# Sampling without replacement

• Mar 14th 2011, 01:21 PM
gustavodecastro
Sampling without replacement
Hi,

I'm trying to show that the sample variance obtained from a random sampling without replacement is

$\displaystyle \frac{\sigma^2}{n}\left(1 - \frac{n - 1}{N - 1}\right) \quad \mbox{where} \quad \sigma^2 = \frac{1}{N} \sum_i^N \left(x_i - \mu\right)^2$

and \mu is the sample mean. A lot of books cite the factor $\displaystyle \left(1 - \frac{n - 1}{N - 1}\right)$ as a correction for small samples, but I couldn't derive it. Could someone help me here, please?
• Mar 14th 2011, 07:18 PM
Sambit
Have you taken into account the Covariance term while calculating the variance? The Covariance term becomes 0 when sampling is done With Replacement; but that will not vanish in case of Without Replacement.
• Mar 18th 2011, 02:34 AM
gustavodecastro
Hi Sambit, thank you for your response.

Yes, I considered the covariance, but I'm probably doing something wrong. I got the following result

$\displaystyle Cov(x_i,x_j) = E(x_i x_j) - E(x_i)E(x_j) = x_i x_j \frac{n}{N}\frac{n-1}{N-1} - x_ix_j\left(\frac{n}{N}\right)^2.$

The problem is that it does not depend on $\displaystyle \sigma$. I'm missing something... or doing something completely wrong.
• Mar 18th 2011, 08:18 AM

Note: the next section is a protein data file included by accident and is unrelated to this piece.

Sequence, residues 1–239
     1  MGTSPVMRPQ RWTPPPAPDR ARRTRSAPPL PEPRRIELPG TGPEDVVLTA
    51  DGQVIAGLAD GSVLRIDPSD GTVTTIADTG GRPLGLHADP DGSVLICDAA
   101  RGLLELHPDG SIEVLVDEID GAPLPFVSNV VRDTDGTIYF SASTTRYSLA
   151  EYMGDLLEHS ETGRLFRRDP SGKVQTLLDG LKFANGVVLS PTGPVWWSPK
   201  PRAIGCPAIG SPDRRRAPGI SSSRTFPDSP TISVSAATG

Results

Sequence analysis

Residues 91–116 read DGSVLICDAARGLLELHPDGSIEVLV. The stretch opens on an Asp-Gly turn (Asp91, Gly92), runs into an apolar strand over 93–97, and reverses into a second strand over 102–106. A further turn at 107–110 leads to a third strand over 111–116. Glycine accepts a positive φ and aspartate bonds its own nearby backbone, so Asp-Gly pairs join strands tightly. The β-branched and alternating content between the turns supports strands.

Sambit
The right expression for Covariance is $\displaystyle -\frac{\sigma^2}{N-1}$. Consult any book, you will find it there.
• Mar 18th 2011, 01:42 PM
gustavodecastro
Thanks again, Sambit.

I saw this expression, but I don't know how to derive it. Most books only mention it but does not show how to obtain this formula. I was reading Kish's Survey Sampling book, but he just mention it as a correction for finite sample with replacement. I found some links from the University of Texas, but they also just mention the covariance without showing all calculations behind.

I'm stuck. I have no clue how to calculate this covariance. Could you give some hint, please?
This problem is driving me crazy!
• Mar 19th 2011, 06:33 AM
Sambit
$\displaystyle Cov(y_i,y_j)$$\displaystyle =E[\{y_i-\bar{Y}\}\{y_j-\bar{Y}\}]$$\displaystyle =\sum_{\alpha=1}^N\sum_{\beta=1}^N(Y_{\alpha}-\bar{Y})(Y_{\beta}-\bar{Y}).P(y_i=Y_{\alpha},y_j=Y_{\beta})$$\displaystyle =\sum_{\alpha=1}^N\sum_{\beta=1}^N(Y_{\alpha}-\bar{Y})(Y_{\beta}-\bar{Y})\frac{1}{N(N-1)} where\displaystyle \alpha\neq\beta \displaystyle =\frac{1}{N(N-1)}\sum_{\alpha=1}^N\sum_{\beta=1}^N(Y_{\alpha}-\bar{Y})(Y_{\beta}-\bar{Y}) where\displaystyle \alpha\neq\beta \displaystyle =\frac{1}{N(N-1)}[\sum_{\alpha=1}^N\sum_{\beta=1}^N(Y_{\alpha}-\bar{Y})(Y_{\beta}-\bar{Y})-\sum_{\alpha=1}^N(Y_{\alpha}-\bar{Y})^2]$$\displaystyle =\frac{1}{N(N-1)}\sum_{\alpha=1}^N(Y_{\alpha}-\bar{Y})\sum_{\beta=1}^N(Y_{\beta}-\bar{Y})-N\sigma^2$$\displaystyle =\frac{1}{N(N-1)}[0-N\sigma^2]$$\displaystyle =-\frac{\sigma^2}{N-1}$

Here $\displaystyle i,j$ denote sample members and $\displaystyle \alpha,\beta$ denote population members.
• Mar 19th 2011, 04:10 PM
gustavodecastro
Thank you very much for your help, Sambit. Now I can sleep in peace! :)